Undergraduate Mathematics/Differentiable function
In calculus (a branch of mathematics), a differentiable function of one real variable is a function whose derivative exists at each point in its domain. As a result, the graph of a differentiable function must have a non-vertical tangent line at each point in its domain, be relatively smooth, and cannot contain any breaks, bends, or cusps.
More generally, if is a point in the domain of a function , then is said to be differentiable at if the derivative exists. This means that the graph of has a non-vertical tangent line at the point . The function may also be called locally linear at , as it can be well approximated by a linear function near this point.
Differentiability and continuity
If is differentiable at a point , then must also be continuous at . In particular, any differentiable function must be continuous at every point in its domain. The converse does not hold: a continuous function need not be differentiable. For example, a function with a bend, cusp, or vertical tangent may be continuous, but fails to be differentiable at the location of the anomaly.
Most functions that occur in practice have derivatives at all points or at almost every point. However, a result of Stefan Banach states that the set of functions that have a derivative at some point is a meager set in the space of all continuous functions. Informally, this means that differentiable functions are very atypical among continuous functions. The first known example of a function that is continuous everywhere but differentiable nowhere is the Weierstrass function.
A function is said to be continuously differentiable if the derivative exists and is itself a continuous function. Though the derivative of a differentiable function never has a jump discontinuity, it is possible for the derivative to have an essential discontinuity. For example, the function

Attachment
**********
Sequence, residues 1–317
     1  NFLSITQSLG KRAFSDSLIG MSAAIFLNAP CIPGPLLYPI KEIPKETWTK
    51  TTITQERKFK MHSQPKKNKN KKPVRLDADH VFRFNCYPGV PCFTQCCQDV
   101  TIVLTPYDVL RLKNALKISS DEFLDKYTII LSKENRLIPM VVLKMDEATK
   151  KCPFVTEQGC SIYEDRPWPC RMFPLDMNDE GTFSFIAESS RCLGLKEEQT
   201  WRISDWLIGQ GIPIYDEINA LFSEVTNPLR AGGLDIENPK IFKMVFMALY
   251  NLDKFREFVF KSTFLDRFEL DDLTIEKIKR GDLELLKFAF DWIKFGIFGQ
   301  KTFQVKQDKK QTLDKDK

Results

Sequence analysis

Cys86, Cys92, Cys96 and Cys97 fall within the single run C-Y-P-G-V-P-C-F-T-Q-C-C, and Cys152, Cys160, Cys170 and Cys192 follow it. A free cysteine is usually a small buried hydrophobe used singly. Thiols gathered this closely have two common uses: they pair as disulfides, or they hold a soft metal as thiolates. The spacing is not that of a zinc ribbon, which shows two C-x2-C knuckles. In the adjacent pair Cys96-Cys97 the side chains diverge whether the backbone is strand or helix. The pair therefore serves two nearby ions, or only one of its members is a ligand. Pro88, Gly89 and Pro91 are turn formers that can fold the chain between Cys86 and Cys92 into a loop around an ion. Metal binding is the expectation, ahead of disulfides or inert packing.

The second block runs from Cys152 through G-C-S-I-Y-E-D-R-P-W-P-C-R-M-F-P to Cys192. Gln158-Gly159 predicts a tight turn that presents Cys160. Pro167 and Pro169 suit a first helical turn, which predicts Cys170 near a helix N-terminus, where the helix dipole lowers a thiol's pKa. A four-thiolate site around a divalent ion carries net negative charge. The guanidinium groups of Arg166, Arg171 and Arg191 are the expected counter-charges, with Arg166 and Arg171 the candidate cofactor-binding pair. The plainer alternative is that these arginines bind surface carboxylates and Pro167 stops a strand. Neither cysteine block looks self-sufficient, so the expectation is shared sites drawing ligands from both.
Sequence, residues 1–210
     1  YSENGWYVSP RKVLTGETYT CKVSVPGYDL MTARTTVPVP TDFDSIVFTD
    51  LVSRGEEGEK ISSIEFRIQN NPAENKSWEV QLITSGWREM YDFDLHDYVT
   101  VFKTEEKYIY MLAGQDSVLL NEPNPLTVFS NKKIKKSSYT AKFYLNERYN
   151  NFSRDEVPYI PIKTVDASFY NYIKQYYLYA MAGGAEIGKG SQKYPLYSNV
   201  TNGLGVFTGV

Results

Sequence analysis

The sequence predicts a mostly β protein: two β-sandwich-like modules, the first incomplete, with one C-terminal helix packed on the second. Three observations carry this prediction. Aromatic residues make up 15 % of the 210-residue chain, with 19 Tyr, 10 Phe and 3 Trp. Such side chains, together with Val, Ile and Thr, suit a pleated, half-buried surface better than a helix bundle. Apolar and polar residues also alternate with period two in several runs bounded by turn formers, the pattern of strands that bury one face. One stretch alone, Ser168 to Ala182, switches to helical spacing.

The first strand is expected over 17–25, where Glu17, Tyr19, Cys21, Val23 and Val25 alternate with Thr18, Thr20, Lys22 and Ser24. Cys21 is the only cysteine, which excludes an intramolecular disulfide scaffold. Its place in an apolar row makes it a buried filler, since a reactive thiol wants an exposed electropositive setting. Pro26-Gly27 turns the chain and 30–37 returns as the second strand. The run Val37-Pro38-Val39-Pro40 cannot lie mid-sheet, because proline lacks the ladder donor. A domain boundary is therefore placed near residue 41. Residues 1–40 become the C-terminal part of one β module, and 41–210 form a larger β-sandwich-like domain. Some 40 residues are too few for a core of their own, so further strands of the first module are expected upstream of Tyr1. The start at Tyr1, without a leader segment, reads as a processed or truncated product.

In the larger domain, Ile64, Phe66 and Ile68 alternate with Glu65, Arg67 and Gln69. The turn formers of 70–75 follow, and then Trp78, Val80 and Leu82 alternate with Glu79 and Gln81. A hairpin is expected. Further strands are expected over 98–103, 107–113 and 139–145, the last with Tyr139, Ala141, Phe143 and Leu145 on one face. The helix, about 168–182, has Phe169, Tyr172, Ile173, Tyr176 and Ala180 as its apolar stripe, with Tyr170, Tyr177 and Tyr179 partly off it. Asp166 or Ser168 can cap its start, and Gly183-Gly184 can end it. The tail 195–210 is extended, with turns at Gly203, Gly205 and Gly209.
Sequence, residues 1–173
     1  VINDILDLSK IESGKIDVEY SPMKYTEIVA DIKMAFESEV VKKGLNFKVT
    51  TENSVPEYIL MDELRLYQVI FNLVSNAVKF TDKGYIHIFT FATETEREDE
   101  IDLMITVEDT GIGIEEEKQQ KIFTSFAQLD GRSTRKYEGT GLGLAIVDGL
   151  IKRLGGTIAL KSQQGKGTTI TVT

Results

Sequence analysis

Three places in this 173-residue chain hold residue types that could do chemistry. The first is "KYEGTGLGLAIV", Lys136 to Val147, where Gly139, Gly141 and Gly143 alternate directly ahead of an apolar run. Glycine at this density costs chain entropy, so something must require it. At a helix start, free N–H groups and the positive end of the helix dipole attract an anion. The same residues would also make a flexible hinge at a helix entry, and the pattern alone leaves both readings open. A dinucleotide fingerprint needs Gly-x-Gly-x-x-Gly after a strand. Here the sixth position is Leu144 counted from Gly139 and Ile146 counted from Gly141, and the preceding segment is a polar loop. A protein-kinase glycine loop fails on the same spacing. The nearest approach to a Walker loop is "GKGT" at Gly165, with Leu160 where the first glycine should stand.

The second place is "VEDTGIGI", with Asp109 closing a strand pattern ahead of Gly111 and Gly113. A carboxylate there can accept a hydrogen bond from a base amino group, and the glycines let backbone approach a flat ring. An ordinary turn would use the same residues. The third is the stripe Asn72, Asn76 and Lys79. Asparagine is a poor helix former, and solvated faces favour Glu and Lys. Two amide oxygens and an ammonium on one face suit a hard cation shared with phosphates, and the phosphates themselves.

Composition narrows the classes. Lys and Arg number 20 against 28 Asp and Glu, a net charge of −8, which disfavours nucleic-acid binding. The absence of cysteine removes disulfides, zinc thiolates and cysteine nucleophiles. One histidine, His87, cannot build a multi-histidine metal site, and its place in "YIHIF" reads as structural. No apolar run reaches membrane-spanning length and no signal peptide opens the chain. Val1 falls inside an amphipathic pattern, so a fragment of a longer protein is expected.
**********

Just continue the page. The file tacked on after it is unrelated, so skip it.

is differentiable at 0, since
exists. However, for ,
Sometimes continuously differentiable functions are said to be of class . A function is of class if the first and second derivative of the function both exist and are continuous. More generally, a function is said to be of class if the first derivatives all exist and are continuous. If derivatives exist for all positive integers , the function is smooth or equivalently, of class .
Differentiability in higher dimensions
If a function is differentiable at , then all of the partial derivatives must exist at , in which case the linear map is given by the Jacobian matrix. A similar formulation of the higher-dimensional derivative is provided by the fundamental increment lemma found in single-variable calculus.
Note that existence of the partial derivatives (or even all of the directional derivatives) does not guarantee that a function is differentiable at a point. For example, the function defined by
is not differentiable at , but all of the partial derivatives and directional derivatives exist at this point. For a continuous example, the function
is not differentiable at , but again all of the partial derivatives and directional derivatives exist.
It is known that if the partial derivatives of a function all exist and are continuous in a neighborhood of a point, then the function must be differentiable at that point, and it is in fact of class .
Differentiability in complex analysis
Differentiable functions on manifolds
If is a differentiable manifold, a real or complex-valued function on is said to be differentiable at a point if it is differentiable with respect to some (or any) coordinate chart defined around . More generally, if and are differentiable manifolds, a function is said to be differentiable at a point if it is differentiable with respect to some (or any) coordinate charts defined around and .
- Banach, S. (1931). "Uber die Baire'sche Kategorie gewisser Funktionenmengen". Studia. Math. (3): 174–179. . Cited by Hewitt, E and Stromberg, K (1963). Real and abstract analysis. Springer-Verlag. Theorem 17.8.